Extreme winter warming in the Arctic - Earth.com

Extreme winter warming in the Arctic


Extreme winter warming in the Arctic Today’s Video of the Day comes from the NASA/Goddard Space Flight Center and features a look at the unusual warming occurring in the Arctic for the fourth winter in a row.

According to researchers, warm moist air is entering the Arctic through both the northern Atlantic Ocean and the northern Pacific Ocean, crossing the Bering Strait.

“We have seen winter warming events before, but they’re becoming more frequent and more intense,” said Alek Petty, sea ice researcher at NASA Goddard. The degree of the arctic warming has subsequent impact on the global activity. The increasing temperature is expected to increase the frequency and severity of extreme weather events which will primarily influence economic growth through damage to property and infrastructure, lost productivity, mass migration and security threats.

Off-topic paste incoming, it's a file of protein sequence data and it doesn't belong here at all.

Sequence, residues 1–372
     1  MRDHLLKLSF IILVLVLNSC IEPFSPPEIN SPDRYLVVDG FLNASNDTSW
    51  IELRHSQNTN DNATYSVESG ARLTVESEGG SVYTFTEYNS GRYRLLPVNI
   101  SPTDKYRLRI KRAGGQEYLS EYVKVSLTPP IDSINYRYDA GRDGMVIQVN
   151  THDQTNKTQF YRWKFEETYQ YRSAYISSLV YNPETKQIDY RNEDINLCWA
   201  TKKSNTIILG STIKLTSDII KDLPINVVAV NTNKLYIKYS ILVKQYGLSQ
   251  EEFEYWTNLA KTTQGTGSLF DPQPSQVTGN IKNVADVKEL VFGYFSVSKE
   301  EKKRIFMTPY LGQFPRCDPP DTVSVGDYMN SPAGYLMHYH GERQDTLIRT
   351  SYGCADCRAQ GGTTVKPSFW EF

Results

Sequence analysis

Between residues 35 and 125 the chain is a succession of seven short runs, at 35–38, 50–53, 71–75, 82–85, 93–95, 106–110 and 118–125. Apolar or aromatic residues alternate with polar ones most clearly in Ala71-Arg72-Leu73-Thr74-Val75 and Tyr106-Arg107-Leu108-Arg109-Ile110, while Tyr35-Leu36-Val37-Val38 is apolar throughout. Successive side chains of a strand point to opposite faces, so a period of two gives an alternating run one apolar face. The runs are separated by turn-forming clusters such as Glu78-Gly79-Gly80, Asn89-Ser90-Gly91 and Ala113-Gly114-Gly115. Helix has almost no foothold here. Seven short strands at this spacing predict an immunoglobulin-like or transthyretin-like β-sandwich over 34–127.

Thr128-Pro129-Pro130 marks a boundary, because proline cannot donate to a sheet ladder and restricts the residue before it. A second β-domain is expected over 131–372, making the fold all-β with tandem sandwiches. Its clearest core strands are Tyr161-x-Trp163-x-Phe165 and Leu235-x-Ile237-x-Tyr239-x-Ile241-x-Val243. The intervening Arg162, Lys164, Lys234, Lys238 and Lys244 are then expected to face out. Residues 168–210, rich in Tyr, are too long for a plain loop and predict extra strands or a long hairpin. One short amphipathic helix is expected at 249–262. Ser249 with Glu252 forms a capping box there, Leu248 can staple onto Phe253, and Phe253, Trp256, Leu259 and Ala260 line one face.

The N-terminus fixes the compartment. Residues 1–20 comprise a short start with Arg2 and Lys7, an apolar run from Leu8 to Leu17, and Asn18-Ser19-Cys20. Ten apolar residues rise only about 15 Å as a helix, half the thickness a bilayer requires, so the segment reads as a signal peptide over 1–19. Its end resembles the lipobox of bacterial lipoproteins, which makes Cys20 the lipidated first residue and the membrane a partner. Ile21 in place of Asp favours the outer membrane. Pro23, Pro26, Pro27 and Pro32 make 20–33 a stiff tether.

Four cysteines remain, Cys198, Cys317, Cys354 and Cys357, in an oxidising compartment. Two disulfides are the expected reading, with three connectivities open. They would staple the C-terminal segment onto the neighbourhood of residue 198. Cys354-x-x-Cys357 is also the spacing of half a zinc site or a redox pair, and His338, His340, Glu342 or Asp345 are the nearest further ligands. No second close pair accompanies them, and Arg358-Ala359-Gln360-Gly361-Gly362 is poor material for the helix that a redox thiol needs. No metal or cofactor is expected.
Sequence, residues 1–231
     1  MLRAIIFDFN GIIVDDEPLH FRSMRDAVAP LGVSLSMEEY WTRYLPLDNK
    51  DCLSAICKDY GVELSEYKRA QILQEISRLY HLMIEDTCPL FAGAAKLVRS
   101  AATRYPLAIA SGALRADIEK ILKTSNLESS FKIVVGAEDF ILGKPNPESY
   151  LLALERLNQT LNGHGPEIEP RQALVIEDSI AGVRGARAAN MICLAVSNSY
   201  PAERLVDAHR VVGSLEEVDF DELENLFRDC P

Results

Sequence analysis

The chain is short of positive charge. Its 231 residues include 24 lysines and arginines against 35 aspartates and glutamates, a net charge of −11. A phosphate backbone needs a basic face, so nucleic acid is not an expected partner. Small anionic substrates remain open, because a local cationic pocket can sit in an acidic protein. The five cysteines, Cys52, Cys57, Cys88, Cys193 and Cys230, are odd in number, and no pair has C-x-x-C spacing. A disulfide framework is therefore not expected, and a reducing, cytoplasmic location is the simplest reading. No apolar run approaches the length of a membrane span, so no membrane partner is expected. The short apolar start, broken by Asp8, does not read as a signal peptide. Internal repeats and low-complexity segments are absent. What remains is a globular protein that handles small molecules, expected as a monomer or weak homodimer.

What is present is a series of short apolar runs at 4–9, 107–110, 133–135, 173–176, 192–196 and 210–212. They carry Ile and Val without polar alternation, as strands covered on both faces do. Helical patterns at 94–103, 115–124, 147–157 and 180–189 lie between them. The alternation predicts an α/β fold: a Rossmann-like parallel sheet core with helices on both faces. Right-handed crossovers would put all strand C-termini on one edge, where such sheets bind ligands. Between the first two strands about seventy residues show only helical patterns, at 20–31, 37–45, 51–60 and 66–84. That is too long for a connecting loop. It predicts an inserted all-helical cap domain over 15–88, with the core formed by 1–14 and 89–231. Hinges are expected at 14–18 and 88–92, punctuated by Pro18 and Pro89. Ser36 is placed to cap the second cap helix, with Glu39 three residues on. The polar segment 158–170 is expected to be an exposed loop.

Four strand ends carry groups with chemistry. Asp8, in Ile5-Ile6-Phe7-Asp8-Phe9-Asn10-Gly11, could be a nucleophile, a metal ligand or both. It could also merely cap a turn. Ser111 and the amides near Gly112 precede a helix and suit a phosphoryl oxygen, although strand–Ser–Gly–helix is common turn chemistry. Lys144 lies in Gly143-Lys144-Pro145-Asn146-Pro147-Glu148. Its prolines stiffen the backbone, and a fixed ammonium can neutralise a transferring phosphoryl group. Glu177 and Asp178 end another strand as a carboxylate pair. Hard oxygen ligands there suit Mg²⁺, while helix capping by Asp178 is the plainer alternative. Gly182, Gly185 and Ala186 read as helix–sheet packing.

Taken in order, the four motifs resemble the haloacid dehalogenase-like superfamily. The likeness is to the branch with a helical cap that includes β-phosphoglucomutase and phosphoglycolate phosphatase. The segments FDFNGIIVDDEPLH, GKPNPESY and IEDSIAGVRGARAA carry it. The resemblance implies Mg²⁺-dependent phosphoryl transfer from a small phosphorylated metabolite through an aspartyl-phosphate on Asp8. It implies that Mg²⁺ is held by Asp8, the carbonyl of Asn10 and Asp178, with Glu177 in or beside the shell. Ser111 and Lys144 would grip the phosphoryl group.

One of the reasons why the Arctic is warming faster is because of its melting sea ice. This reduces the icy, white surface area that can reflect sunlight back into space, causing more solar radiation to be absorbed by the dark colored Arctic waters. The melting of land ice (glaciers and ice sheets) in the Arctic, which is projected to increase the rate of sea-levels rise throughout the world and will affect their coastal communities, low-lying islands, and ecosystems

By Rory Arnold, Earth.com Staff Writer

Video Credit: NASA/Goddard Space Flight Center

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